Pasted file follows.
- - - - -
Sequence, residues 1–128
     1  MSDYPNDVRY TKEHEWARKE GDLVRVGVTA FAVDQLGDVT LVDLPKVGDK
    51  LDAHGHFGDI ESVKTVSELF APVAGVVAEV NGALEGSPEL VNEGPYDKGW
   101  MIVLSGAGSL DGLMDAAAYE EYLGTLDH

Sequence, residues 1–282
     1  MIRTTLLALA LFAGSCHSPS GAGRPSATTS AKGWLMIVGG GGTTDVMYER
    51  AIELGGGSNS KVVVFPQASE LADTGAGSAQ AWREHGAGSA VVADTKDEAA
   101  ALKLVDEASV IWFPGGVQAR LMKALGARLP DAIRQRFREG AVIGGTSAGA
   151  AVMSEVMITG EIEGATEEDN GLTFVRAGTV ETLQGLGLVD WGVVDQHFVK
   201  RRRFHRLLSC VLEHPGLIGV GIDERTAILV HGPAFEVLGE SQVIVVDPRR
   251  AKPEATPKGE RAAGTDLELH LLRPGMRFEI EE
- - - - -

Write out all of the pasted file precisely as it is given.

Sequence, residues 1–128
     1  MSDYPNDVRY TKEHEWARKE GDLVRVGVTA FAVDQLGDVT LVDLPKVGDK
    51  LDAHGHFGDI ESVKTVSELF APVAGVVAEV NGALEGSPEL VNEGPYDKGW
   101  MIVLSGAGSL DGLMDAAAYE EYLGTLDH

Sequence, residues 1–282
     1  MIRTTLLALA LFAGSCHSPS GAGRPSATTS AKGWLMIVGG GGTTDVMYER
    51  AIELGGGSNS KVVVFPQASE LADTGAGSAQ AWREHGAGSA VVADTKDEAA
   101  ALKLVDEASV IWFPGGVQAR LMKALGARLP DAIRQRFREG AVIGGTSAGA
   151  AVMSEVMITG EIEGATEEDN GLTFVRAGTV ETLQGLGLVD WGVVDQHFVK
   201  RRRFHRLLSC VLEHPGLIGV GIDERTAILV HGPAFEVLGE SQVIVVDPRR
   251  AKPEATPKGE RAAGTDLELH LLRPGMRFEI EE